# Initial starting player

I'm making a game battle system, where there are 2 players.

• Every player can have multiple units to control, but only one at a time.
• Every unit has an int curSpeed variable;

I need to have in 2 variables who attacks first (Player f) and who attacks second (Player s), based on the speed of the current controlling unit.

At the moment I have this code:

• player_1 and player_2 are instances of Player Class
• current, is a instance of Unit Class, it is the current controlling unit.
Player f = null; //Player attacking first
Player s = null; //Player attacking second

//Check the speed of the units, and determine who attack first
f = player_1.current.curSpeed > player_2.current.curSpeed ? player_1 : player_1.current.curSpeed < player_2.current.curSpeed ? player_2 : null;

//if f is null (units have the same speed)
if(f==null){
//Randomize who goes first
System.Random rnd = new System.Random();
int rng = rnd.Next(0,2);
f = rng == 0 ? player_1 : player_2;
s = rng == 0 ? player_2 : player_1;
}else{
s = f.id == player_1.id ? player_2 : player_1;
}


It is working, but I feel that this is confusing and the 'wrong way' to do it.

I need tips on how I can code this in a better way.

UPDATE: New version of the code including all the suggestions can be found here.

• if you want to show the new code, please post another question. you would invalidate the answers if you edit in the changes to this question – Malachi Apr 20 '14 at 19:50
• @Malachi You're right. I'm sorry. – Fr0z3n Apr 20 '14 at 19:52
• please do post a link in a comment to the new question though – Malachi Apr 20 '14 at 20:01
• Here is the updated version: codereview.stackexchange.com/questions/47737/… – Fr0z3n Apr 20 '14 at 20:17

Your code is indeed confusing, primarily because of the naming:

f should be firstPlayer, s should be secondPlayer and curSpeed should be speed or currentSpeed (it depends on whether there are other "speeds" to distinguish from).

Another remark: properties are UpperCamelCase so this

player_1.current.curSpeed


should be

player_1.Current.Speed


The way you're using Random is wrong. Instead of creating a new instance of Random every time you need a new random number, you should create a single instance of Random, store it, and then repeatedly call Next() on that single instance.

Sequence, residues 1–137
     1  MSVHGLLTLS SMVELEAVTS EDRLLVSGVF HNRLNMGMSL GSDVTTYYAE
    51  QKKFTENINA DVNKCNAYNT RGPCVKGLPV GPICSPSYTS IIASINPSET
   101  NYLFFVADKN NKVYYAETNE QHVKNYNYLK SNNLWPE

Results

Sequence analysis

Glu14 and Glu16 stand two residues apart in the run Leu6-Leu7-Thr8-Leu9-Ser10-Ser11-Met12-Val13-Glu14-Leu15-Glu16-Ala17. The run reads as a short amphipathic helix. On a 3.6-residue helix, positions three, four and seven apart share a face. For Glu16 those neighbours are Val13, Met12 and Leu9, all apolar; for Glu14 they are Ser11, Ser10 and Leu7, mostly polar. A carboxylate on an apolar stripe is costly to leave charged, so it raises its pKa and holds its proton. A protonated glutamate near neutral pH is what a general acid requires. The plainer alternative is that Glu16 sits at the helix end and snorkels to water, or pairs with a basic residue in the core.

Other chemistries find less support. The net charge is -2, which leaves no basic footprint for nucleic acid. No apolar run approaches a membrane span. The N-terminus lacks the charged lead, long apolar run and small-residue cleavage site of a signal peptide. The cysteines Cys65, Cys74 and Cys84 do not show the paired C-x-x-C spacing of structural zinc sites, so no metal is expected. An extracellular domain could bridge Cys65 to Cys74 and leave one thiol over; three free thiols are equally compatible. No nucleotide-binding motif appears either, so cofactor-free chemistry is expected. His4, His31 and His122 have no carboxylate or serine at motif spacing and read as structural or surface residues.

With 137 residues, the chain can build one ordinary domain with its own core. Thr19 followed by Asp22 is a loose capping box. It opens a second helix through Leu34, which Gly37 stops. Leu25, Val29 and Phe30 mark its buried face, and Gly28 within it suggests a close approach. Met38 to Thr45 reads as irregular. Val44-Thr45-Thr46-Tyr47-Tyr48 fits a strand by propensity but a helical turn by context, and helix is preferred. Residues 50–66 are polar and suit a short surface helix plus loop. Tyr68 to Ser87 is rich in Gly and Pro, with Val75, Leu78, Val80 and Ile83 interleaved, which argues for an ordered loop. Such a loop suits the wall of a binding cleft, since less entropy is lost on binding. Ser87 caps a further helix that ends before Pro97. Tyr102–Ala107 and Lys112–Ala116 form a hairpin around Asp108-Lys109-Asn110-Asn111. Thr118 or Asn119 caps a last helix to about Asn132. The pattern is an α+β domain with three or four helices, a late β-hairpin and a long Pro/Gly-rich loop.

The reason for this is that when you create Random using the default constructor, it uses the current time as its seed. But the time it uses has relatively low resolution, so when you create two instances of Random too close to each other, you're going to get the same result.

To make this more concrete, try the following code:

while (true)
{
var random = new Random();
Console.Write(random.Next(0, 2));
Console.Write(" ");
}


For me, the output is something like:

1 1 1 1 0 0 0 0 0 0 0 0 0 0 0 0 0 0 0 0 1 1 1 1 1 1 1 1 1 1 1 1 1 1 1 1 1 1 1 1 1 1 1 1 1 1 1 1 1 1 1 0 0 0 0 0 0 0 0 0 0 0 0 0 0 0 0 0 0 0 0 0 0 0 0 0 0 0 0 0 0 0 0 0 0 0 0 0 0 0 0 0 0 0 0 0 1 1 1 1 1 1 1 1 1 1 1 1 1 1 1 1 0 0 0 0 0 0 0 0 0 0 0 0 0 0 0 1 1 1 1 1 1 1 1 1 1 1 1 1 1 1 1 0 0 0 0 0 0 0 0 0 0 0 0 0 0 0 1 1 1 1 1 1 1 1 1 1 1 1 1 1 1 1 0 0 0 0 0 0 0 0 0 0 0 0 0 0 0 0 0 0 0 0 0 0 0 0 0 0

As you can see, this doesn't look very random, with long runs of the same number. (If you remove the sleep, each run is even longer.)

Compare it with this code:

var random = new Random();

while (true)
{
Console.Write(random.Next(0, 2));
Console.Write(" ");
}


Its output:

0 0 0 0 0 1 1 0 0 0 0 0 1 1 1 1 1 1 1 1 0 1 1 0 0 1 1 1 1 0 1 1 1 1 0 1 0 1 0 0 1 1 1 1 0 1 0 0 1 1 1 1 0 1 0 1 1 1 1 0 1 1 1 1 0 0 1 0 1 0 0 1 1 0 1 0 1 1 1 1 1 1 1 1 1 0 0 1 1 1 1 0 0 1 0 1 1 1 1 0 0 1 1 0 0 1 0 0 0 1 1 0 0 0 1 0 0 0 0 1 1 1 1 1 0 1 1 1 1 1 0 1 1 0 1 1 0 1 0 1 0 0 1 1 0 1 0 1 0 0 1 1 1 1 1 0 1 1 1 1 0 1 0 0 0 1 0 1 1 1 0 0 1 1 1 0 0 1 1 1 1 0 0 1 0 0 0 0 1 0 1 0 1 1 0 1 0 0 0 0

Now this looks much more random. And this time, removing the sleep won't change the result.

• I know that, anyway it is not my case, because this function it is not inside a loop. It is not called very often in time so i wont get the same result. Anyway i have moved the random instance outside the method, just to be sure. – Fr0z3n Apr 21 '14 at 11:56

I really like this question for its simplicity and depth; getting two variables into a hi/lo state is something you run into all the time. Let's start with the original assignment below...